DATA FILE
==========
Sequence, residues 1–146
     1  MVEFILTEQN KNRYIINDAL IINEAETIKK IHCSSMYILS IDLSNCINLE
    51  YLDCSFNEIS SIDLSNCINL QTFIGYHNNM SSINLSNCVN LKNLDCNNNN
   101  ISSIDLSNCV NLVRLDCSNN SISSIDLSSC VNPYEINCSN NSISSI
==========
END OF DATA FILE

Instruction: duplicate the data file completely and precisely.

Sequence, residues 1–146
     1  MVEFILTEQN KNRYIINDAL IINEAETIKK IHCSSMYILS IDLSNCINLE
    51  YLDCSFNEIS SIDLSNCINL QTFIGYHNNM SSINLSNCVN LKNLDCNNNN
   101  ISSIDLSNCV NLVRLDCSNN SISSIDLSSC VNPYEINCSN NSISSI